Gregory Koger


The Hastert Rule: It’s More Like a Guideline

Last week the U.S. House passed a bill supported by a majority of the Democratic party and a minority faction of the Republican members, even though the Republicans are the majority party and control access to the House floor. This has occurred three times in the last three months: Jan. 1, Extending and revising tax… Read more »

Proposed Senate Reforms: Recap and Discussion

The Congressional news (see links to text in article) of the day is that Senate majority leader Harry Reid and minority leader Mitch McConnell have reached a tentative agreement on a package of Senate reforms, subject to approval by (most of) their party conferences. The reforms are limited to agenda-setting motions, conference committees, and nominations. Here… Read more »

Senate Reform 101: The Case Against the Constitutional Option

On January 3, senators put off decisions about if or how to restrict the ability of senators to filibuster. The quasi-deadline for a decision is January 22. Why? Because, the argument goes, the first day of Congress is the magic hour when senators get to decide what their rules are. Once the magic day (and by “day” we mean… Read more »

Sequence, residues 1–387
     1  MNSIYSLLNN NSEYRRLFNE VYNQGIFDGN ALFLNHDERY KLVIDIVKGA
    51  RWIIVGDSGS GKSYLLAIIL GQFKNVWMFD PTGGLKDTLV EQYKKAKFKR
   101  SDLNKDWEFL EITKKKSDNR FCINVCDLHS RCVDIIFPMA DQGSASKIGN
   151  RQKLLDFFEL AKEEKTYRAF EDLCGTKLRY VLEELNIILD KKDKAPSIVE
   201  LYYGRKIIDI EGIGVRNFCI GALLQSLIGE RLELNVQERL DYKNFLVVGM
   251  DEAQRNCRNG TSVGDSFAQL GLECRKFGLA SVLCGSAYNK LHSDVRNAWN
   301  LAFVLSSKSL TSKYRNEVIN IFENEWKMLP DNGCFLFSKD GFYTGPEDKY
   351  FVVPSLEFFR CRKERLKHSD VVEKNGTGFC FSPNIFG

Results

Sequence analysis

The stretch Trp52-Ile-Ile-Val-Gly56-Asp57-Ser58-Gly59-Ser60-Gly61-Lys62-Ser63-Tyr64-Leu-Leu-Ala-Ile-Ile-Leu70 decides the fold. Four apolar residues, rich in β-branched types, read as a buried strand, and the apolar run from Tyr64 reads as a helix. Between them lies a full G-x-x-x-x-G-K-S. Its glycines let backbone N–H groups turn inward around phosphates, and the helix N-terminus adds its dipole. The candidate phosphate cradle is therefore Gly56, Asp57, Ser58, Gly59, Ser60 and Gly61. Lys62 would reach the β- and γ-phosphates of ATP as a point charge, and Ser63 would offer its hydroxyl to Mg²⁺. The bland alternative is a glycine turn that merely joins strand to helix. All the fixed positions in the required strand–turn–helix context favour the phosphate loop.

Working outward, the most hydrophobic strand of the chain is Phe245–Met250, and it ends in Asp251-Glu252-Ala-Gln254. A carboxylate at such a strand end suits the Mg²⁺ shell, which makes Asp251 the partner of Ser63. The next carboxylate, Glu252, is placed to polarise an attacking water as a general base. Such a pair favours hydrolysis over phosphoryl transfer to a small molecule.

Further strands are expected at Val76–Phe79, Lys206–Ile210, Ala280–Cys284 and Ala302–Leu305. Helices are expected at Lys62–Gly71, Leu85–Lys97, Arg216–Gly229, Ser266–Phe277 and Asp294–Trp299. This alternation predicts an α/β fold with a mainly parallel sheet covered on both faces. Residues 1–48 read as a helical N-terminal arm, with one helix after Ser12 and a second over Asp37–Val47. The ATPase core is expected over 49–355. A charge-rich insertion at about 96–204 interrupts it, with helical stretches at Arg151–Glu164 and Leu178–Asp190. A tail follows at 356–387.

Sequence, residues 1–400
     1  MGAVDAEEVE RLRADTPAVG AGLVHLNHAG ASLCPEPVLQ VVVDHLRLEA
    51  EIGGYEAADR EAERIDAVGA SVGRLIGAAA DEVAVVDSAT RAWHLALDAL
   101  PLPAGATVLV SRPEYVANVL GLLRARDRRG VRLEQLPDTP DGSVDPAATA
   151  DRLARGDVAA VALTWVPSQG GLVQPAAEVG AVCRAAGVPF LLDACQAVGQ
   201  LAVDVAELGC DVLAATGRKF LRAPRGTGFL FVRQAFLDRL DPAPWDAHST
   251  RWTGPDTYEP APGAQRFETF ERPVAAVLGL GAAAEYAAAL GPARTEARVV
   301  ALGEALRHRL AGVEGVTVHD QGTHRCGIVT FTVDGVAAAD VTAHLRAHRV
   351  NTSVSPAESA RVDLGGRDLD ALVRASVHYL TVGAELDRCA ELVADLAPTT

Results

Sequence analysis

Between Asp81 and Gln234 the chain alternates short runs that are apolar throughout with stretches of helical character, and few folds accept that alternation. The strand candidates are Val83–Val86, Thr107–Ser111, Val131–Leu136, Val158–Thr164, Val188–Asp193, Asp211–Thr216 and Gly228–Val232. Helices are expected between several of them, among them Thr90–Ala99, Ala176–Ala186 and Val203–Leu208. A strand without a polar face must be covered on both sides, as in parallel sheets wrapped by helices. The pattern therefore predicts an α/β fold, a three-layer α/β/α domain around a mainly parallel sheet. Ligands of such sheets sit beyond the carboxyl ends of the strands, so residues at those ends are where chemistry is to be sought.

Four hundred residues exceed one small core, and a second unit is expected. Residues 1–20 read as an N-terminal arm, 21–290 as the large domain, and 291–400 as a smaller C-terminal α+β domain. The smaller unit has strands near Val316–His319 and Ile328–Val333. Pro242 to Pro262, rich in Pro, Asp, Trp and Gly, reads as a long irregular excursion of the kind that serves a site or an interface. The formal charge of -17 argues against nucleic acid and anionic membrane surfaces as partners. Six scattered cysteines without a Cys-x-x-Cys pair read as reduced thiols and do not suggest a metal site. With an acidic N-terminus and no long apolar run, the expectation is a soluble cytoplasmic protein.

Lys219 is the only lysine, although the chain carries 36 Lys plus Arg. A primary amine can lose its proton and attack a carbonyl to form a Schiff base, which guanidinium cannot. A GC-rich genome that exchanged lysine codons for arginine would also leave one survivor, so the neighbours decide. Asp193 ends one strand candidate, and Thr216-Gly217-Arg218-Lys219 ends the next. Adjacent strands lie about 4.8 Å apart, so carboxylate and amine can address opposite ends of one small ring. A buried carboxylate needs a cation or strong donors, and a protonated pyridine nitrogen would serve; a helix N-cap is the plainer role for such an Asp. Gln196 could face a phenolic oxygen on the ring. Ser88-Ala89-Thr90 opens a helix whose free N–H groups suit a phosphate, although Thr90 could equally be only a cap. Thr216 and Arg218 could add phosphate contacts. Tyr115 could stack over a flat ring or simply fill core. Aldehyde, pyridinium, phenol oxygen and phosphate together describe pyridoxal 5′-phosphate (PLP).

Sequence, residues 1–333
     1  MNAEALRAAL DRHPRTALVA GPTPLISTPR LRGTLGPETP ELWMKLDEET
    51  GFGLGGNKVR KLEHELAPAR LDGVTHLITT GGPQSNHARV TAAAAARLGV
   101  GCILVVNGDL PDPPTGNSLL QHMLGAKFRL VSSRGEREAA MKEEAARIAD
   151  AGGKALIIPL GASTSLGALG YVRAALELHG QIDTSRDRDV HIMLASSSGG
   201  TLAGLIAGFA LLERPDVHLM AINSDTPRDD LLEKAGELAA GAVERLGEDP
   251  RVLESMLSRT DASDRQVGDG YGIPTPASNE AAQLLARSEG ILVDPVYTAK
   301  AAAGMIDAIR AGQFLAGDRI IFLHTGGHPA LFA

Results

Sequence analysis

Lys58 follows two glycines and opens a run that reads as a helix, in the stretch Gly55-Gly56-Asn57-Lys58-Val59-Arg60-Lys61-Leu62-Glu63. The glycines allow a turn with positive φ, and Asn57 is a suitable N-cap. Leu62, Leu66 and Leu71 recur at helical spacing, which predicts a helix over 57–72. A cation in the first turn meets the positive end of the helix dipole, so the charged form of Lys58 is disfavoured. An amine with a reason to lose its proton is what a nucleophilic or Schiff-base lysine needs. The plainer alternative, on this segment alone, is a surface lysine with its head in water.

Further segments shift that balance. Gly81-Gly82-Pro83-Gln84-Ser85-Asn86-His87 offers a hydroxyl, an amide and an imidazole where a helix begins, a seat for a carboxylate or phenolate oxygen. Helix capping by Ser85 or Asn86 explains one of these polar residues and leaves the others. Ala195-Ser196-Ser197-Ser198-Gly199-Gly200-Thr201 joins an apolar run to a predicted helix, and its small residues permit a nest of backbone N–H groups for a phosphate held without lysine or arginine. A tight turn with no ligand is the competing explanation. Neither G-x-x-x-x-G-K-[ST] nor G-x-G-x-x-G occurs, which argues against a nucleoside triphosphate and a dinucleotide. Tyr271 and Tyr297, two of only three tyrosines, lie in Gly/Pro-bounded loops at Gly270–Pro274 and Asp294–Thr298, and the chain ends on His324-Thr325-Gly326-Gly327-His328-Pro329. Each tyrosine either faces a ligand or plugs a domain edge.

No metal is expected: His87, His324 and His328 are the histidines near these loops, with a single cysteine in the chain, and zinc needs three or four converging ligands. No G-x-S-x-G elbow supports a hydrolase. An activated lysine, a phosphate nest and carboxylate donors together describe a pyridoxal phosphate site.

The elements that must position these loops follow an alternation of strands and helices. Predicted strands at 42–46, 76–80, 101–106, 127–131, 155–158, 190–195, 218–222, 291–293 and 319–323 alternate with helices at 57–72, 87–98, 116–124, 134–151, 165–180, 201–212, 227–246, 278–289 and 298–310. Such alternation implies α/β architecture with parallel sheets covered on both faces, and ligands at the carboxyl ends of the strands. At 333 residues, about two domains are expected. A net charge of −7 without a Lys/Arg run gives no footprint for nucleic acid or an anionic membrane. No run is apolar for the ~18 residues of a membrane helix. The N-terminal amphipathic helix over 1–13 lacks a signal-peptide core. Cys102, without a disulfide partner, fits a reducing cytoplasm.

The Failure of Plan B

After the House Republicans punted on legislation to extend the Bush tax cuts for all non-millionaires last night, today’s news cycle has been focused on a) what the failure of “Plan B” means for the fiscal cliff negotiations and b) what the failure means for Speaker Boehner. After great posts by Ezra Klein, Sarah Binder,… Read more »

Will Merkley & Warren’s “Talking Filibuster” Proposal Work?

Last Friday, our friends at Wonkblog posted comments on Senator Merkley’s proposed-but-still-vague reform. I thought I would elaborate on whether Merkley’s proposed reforms will help make the Senate more effective…or at least less of a disaster. First, some background on what the Senate reformers are talking about:  HuffPo says, The critical component, though, is a mechanism… Read more »